So this article from CNN is much more what I would expect from a disaster. Plucky survivors who’ve lost everything, but are determined to soldier on and rebuild their lives. It’s the kind of story that actually makes you want to go help people.
But it got me thinking about why that story bugged me so much in the first place. I think it’s because I’m at a position now in my career (career? I’m old.) where the jobs pay really well. And it all seems so easy. And it’s what we all supposedly dream of. And I’m definitely not complaining about the fact that Stella going to the hospital twice in one night did not have much of an impact on our finances. Because there are a lot of people for whom that is not the case.
But the money and the point in your career also traps you. When you make $30,000 a year life isn’t that hot. You don’t have money for a lot of things you’d like to do. If your dog gets sick you might not eat for a month. But you also can just switch jobs, and careers. Because there are lots of jobs available that pay that much. And people are more likely to give you a chance. But double that, and there are fewer jobs. And they really expect you to know what you’re doing. Double that and they expect you to be an expert and there are even fewer jobs. And it keeps going. The higher up you go, the more insulated you are from life’s twists and turns. But you get soft and the easy stuff starts seeming really hard.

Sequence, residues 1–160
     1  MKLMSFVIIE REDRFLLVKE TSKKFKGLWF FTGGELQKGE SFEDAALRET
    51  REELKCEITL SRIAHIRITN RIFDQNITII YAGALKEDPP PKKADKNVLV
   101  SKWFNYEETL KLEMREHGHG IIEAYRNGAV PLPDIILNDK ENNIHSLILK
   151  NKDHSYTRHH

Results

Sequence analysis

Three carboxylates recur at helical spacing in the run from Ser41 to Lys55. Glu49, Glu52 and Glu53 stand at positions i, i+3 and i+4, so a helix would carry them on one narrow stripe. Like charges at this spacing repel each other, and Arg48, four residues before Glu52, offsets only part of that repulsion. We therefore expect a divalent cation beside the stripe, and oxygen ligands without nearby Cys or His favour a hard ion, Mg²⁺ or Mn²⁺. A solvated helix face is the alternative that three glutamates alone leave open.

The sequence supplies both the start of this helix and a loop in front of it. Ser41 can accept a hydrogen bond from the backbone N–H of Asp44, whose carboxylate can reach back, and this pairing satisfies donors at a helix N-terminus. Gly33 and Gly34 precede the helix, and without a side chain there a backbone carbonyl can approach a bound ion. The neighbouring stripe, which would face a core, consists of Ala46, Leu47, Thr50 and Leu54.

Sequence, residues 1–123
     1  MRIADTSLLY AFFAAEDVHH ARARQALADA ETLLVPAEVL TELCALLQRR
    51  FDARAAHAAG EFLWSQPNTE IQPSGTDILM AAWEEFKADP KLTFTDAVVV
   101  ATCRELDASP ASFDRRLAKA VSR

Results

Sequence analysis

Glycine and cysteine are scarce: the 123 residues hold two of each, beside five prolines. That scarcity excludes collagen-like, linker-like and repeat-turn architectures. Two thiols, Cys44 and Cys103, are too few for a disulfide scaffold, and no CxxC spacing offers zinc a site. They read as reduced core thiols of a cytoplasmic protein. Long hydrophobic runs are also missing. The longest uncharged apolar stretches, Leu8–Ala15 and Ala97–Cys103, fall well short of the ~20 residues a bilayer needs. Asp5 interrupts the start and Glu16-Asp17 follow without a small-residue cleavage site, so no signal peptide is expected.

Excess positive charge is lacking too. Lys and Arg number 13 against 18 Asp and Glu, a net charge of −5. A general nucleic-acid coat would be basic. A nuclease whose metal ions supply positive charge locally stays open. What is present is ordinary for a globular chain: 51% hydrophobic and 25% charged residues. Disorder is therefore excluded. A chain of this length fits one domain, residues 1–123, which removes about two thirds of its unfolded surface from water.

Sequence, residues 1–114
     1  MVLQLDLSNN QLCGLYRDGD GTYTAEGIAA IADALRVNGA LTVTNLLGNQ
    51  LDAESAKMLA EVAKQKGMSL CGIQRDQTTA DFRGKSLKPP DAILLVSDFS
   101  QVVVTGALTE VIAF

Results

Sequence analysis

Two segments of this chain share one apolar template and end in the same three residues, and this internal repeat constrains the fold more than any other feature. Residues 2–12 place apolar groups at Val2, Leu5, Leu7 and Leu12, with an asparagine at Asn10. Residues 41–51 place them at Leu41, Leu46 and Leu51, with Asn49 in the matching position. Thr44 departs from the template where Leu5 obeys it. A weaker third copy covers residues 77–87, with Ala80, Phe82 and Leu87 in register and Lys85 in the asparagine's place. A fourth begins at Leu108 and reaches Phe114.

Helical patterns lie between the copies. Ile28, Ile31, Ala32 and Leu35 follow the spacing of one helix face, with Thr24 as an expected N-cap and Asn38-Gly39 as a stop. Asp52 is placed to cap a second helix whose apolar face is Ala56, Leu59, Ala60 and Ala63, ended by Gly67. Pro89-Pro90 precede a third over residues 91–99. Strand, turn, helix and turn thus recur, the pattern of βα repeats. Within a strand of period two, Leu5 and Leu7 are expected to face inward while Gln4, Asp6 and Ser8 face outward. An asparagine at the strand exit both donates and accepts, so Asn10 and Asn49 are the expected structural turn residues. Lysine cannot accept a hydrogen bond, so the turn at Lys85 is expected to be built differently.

And we’re human beings and we like to complain. We probably should have been called homo whinicus. And sometimes it’s hard to remember that when life is not what we want. Because life is often not what we want. I definitely would be upset and whiny if my 6500 square foot house was potentially on fire. And I would need to be reminded that there are trailer homes burning down. And there are people without insurance. And yet that still doesn’t make my personal situation any easier. We are so self-centered.
I’d like to have some sort of homily here. So many people whose blogs I read tie things up in such beautiful ways. But I’ve got nothing. We need to be sympathized with when we perceive our life is rough. And then we need someone to point out that other people have it much worse and we’re being an ass. And then we need to be sympathized with again. We are very complicated beings.